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Strengthening UK’s geospatial monitoring and satellite-enabled climate services to address extreme conditions of water and land resources

Funding opportunity: UK Climate Resilience Embedded Researcher scheme – Phase 2 Embedded Researcher Opportunities, Funded through: NERC/UKRI

In this second phase of the UK Climate Resilience Embedded Researcher scheme, UK Research & Innovation (UKRI) is inviting proposals from UK based academic researchers to apply for placements at non-academic host organisations. Funding will be awarded as a research grant to the researcher and profiled across 12 months from 1 September 2020. Each researcher can apply for up to £70K (at 80% FEC). Up to five placements will be delivered through this first round.

Satellite Applications Catapult has been selected as one of the host organisations and our project is titled: “Strengthening UK’s geospatial monitoring and satellite-enabled climate services to address extreme conditions of water and land resources”

Our Project:

The aim of this project will be to strengthen the UK’s geospatial monitoring capabilities through the co-creation of satellite-enabled climate services to provide actionable insights to UK government and local communities to increase climate resilience and respond to extreme water and land-related challenges (i.e. floods, drought, biodiversity loss, land degradation). The project will start with a discovery phase to explore these challenge areas facing the UK:

  1. Flood prediction and adaptation
  2. Coastal erosion
  3. Land use and land health (i.e. subsidence earth movement, soil moisture, degradation) particularly in areas of urban/rural interface.

These challenge areas will be examined within the context of strengthening one of the regions and related economies most affected by these climate risks. Then scaling this out both across the UK and then to the other focus areas. Through the discovery phase the researcher would narrow the project down to a specific challenge and regional focus to start with.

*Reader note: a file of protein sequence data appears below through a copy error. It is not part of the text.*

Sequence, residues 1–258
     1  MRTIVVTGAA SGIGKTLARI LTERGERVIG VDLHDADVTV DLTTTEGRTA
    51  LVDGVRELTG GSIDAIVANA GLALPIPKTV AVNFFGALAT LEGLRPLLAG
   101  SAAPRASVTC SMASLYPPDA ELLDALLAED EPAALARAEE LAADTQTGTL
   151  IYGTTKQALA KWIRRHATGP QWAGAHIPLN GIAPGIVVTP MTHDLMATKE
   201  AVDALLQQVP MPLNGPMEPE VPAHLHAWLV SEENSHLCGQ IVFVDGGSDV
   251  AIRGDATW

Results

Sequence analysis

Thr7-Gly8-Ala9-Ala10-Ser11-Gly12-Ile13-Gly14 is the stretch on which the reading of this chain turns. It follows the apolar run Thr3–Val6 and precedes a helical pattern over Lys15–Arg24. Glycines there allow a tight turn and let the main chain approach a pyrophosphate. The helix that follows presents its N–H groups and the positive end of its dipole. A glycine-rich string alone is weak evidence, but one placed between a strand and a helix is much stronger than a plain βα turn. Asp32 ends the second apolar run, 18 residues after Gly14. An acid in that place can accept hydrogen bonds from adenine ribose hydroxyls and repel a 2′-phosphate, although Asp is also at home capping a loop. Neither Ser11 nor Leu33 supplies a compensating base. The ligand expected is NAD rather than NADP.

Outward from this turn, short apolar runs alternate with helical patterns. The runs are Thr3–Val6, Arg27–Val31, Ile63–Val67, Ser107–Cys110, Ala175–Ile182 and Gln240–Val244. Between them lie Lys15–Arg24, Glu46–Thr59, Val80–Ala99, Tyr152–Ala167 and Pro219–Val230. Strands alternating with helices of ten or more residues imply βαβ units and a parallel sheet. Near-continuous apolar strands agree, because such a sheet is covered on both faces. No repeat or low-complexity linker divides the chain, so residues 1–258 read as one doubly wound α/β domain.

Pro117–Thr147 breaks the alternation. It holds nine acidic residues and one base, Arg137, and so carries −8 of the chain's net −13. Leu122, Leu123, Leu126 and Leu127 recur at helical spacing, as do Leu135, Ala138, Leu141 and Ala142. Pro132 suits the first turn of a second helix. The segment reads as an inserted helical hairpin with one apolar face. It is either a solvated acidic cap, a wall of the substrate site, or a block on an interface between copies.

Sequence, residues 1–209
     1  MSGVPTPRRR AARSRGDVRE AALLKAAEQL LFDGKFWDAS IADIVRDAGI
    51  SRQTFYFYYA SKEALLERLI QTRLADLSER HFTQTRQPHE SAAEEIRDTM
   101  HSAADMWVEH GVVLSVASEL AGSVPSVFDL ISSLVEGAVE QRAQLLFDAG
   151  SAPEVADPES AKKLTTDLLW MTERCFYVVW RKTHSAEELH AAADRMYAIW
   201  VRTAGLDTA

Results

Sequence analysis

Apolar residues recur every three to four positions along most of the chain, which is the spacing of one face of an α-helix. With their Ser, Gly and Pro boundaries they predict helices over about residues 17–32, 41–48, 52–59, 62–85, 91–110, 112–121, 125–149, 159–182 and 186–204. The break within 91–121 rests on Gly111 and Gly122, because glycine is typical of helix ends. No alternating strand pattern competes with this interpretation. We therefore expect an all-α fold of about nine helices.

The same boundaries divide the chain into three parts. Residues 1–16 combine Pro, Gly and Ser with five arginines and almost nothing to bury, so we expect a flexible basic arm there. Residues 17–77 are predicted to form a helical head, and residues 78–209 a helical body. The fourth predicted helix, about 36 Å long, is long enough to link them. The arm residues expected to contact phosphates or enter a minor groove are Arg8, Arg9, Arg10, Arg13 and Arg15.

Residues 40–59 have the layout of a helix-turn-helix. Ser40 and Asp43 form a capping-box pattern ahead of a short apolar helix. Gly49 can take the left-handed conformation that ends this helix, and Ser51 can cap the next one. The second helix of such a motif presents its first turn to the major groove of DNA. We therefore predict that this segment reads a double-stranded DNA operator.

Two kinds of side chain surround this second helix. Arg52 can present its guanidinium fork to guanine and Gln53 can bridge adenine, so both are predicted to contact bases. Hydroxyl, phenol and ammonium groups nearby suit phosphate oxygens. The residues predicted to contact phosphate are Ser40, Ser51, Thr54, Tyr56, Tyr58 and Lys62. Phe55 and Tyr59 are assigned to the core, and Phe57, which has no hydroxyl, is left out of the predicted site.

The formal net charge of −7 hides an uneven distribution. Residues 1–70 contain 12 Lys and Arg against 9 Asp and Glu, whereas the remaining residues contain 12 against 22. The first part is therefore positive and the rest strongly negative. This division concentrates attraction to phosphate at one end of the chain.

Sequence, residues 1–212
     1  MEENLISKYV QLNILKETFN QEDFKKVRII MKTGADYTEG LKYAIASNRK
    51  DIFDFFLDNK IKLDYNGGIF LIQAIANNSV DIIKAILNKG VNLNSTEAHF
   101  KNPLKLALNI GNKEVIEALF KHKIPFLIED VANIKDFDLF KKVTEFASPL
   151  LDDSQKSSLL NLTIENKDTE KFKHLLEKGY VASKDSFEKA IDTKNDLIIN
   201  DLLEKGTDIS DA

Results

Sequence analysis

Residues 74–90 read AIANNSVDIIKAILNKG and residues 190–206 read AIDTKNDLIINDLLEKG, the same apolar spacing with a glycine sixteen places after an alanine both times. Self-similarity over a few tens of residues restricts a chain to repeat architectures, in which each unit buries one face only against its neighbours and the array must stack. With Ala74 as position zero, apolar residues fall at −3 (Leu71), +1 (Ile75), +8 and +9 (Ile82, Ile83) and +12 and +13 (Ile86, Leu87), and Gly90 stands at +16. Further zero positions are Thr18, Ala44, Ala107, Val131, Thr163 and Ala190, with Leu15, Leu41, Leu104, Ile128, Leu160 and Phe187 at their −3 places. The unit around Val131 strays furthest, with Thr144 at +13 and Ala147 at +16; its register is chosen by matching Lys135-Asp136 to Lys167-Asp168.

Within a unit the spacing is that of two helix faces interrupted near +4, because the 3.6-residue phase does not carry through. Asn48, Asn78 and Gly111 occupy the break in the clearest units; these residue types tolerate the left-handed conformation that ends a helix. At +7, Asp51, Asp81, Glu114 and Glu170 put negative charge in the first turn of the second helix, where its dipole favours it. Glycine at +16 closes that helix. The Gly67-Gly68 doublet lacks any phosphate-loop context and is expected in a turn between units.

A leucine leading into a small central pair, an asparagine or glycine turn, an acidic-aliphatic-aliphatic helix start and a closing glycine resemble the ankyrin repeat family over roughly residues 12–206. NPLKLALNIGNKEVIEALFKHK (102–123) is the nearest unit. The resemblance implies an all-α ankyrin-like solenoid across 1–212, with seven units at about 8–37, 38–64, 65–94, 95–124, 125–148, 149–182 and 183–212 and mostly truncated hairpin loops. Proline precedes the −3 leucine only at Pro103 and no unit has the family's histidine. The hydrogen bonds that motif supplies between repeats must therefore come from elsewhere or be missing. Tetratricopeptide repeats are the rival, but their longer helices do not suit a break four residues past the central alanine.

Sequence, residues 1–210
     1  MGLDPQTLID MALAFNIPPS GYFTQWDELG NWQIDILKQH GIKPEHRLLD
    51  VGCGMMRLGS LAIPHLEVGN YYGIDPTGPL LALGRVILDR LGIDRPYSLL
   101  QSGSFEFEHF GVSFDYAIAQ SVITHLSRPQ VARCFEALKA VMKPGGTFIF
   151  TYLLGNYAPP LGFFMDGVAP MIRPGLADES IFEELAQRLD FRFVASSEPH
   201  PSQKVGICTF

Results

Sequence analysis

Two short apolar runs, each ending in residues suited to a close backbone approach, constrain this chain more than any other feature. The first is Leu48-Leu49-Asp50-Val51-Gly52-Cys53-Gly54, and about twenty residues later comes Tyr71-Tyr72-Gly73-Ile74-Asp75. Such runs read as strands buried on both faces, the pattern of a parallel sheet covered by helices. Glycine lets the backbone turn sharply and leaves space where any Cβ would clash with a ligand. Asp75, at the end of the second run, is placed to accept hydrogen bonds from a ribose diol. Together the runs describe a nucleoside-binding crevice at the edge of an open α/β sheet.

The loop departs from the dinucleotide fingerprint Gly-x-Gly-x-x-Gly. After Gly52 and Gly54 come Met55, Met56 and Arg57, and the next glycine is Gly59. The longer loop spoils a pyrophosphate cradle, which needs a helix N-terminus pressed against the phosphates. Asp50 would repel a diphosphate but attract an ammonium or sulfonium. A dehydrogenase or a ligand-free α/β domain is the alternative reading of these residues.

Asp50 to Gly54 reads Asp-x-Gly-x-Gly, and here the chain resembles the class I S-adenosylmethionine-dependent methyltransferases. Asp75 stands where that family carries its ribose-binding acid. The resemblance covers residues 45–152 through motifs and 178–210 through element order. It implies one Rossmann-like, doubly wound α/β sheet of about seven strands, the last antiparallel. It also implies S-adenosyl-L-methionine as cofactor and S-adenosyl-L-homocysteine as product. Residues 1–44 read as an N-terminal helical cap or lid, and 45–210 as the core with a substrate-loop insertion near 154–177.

During the following phase, the researcher would create a stakeholder map for the selected challenge, providing a full picture of the current landscape and then identifying any gaps. This would include stakeholder mapping of all end users to include communities and industry affected by these risks, academics in related fields, government agencies, and climate service providers already addressing these challenges.

The output of the discovery phase would be to:

  1. Engage with stakeholders; including current climate service providers and start to build a strong network across these stakeholders
  2. Educate stakeholders on how they can harness geospatial intelligence to improve the services they provide and help them form new partnerships to do this
  3. Identify gaps in the climate services market and
  4. Identify a case study for the project.

The researcher would have the opportunity to write a white paper and case study on the findings of the discovery phase. Next, the researcher would work with the network established to co-produce an ecosystem of satellite-enabled solutions to bring the existing landscape together and to bridge any gaps in the market leading to an enhanced market of satellite-enabled climate services to address the challenge identified. The researcher would work with industry and government to create a small consortium that could develop a prototype solution together, tests its feasibility and turn it into a demonstration. The group would also co-create a proposal to fund this idea and secure funding to continue the project by the end of the year.

How to apply:

If you are interested in applying, please contact our Sustainable Development lead, Heather Garrick at

The deadline to apply has been extended. Potential applicants must contact host organisations by no later than 11 May 2020, with hosts informing their preferred researcher candidate by 18 May 2020.